Repercussions are still unfolding from last week's cover story in The Nation, "Feminism's Toxic Twitter Wars." Many thought it unfairly targeted a few popular online women of color--but the battle lines don't break that neatly along the race line. Catch up on the debate and the latest with yesterday's "Tell Me More" segment, featuring writer Michelle Goldberg and her article's representative "mean girl," Mikki Kendall. Later, Kendall started the #LessToxicFeminism hashtag on Twitter, which inspired hundreds of replies over a 15-hour period. Check it out and per Kendall's original direction, add your understanding of how less toxic feminism would work.
Today, fresh discussion continues. Jennifer Pan, in Jacobin Magazine, looks at the unpaid labor of producing social media and says:
"...it should similarly concern us that that black women and other women of color could likely have the monopoly on doing the hard work of social justice organizing on Twitter without remuneration, sometimes literally for hours a day."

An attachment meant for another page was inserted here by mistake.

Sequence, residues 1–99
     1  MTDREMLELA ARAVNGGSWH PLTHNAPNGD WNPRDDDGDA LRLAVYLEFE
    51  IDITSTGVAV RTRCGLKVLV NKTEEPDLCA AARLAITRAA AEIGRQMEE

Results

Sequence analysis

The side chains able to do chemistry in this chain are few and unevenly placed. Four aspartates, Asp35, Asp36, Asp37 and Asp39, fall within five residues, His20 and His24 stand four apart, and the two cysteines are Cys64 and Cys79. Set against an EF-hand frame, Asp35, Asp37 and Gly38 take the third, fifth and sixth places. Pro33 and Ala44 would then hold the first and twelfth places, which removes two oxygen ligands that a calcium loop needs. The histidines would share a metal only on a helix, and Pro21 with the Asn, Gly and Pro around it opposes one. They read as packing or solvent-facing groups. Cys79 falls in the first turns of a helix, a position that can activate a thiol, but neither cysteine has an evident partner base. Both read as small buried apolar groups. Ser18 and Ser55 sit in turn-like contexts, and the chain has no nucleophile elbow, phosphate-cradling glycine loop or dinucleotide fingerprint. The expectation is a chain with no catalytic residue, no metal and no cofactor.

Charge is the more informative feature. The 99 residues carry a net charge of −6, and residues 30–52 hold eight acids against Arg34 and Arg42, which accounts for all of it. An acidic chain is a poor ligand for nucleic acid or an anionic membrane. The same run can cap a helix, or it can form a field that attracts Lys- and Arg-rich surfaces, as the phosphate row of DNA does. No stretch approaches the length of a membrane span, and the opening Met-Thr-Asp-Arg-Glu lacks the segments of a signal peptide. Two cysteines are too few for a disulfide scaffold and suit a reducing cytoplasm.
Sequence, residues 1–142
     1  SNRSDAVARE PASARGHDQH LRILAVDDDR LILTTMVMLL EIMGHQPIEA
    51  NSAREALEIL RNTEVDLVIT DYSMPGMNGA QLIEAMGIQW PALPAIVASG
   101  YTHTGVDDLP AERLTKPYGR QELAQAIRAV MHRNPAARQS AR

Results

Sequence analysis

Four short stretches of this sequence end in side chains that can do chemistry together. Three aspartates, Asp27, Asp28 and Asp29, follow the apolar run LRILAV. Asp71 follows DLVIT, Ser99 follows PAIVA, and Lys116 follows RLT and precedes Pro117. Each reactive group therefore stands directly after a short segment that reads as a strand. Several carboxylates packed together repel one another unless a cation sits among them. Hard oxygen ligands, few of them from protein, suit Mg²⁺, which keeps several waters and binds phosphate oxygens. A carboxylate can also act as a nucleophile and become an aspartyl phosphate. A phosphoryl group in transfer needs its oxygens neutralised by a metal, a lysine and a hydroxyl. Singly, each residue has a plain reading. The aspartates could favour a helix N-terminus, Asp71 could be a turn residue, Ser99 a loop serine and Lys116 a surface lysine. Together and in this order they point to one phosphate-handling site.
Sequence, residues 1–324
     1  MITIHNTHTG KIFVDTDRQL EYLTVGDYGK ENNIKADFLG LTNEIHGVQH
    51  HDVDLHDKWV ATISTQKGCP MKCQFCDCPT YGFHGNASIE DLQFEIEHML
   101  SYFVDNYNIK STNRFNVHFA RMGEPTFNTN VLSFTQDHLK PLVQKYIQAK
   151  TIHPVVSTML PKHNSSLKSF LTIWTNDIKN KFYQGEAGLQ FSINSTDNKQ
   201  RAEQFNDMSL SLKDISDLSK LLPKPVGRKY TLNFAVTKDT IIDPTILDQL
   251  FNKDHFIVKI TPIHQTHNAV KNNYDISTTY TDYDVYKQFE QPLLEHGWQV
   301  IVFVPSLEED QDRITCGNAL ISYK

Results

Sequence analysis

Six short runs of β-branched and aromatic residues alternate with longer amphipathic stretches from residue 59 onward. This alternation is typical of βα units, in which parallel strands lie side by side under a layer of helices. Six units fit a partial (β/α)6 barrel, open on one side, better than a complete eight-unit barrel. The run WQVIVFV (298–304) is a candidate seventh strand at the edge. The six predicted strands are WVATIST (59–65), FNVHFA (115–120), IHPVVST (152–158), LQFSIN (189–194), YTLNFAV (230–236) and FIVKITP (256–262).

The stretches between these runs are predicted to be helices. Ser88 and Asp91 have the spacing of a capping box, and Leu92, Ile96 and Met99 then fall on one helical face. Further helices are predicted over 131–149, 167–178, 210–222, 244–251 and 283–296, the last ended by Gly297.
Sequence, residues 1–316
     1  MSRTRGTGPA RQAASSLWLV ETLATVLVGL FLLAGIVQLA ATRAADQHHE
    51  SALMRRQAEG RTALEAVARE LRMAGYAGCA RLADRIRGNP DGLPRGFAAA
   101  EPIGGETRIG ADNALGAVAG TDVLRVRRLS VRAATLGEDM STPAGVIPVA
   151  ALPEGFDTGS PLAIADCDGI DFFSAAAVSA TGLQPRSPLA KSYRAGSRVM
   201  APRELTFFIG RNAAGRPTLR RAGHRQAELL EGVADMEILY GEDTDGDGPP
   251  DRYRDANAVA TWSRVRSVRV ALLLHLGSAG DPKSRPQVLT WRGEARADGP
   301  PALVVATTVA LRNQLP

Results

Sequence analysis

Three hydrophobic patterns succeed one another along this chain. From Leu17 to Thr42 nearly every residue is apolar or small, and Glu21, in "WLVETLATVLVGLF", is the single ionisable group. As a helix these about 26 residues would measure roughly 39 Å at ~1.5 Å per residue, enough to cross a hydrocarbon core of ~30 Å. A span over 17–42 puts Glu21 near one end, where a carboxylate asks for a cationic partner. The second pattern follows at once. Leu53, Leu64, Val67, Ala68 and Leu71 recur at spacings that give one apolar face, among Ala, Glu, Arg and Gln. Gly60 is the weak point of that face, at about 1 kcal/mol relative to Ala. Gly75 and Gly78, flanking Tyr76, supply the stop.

Matt Bruenig often blogs about class and he goes further with Pan's focus on opportunities for remuneration, or lack thereof. It's "overdetermined," he writes, that poor kids will not make it into media jobs. They're locked out not only by unpaid internships, but by a lack of credentials. So when it comes to platform and big microphones, rich kids stay winning.
What's your take?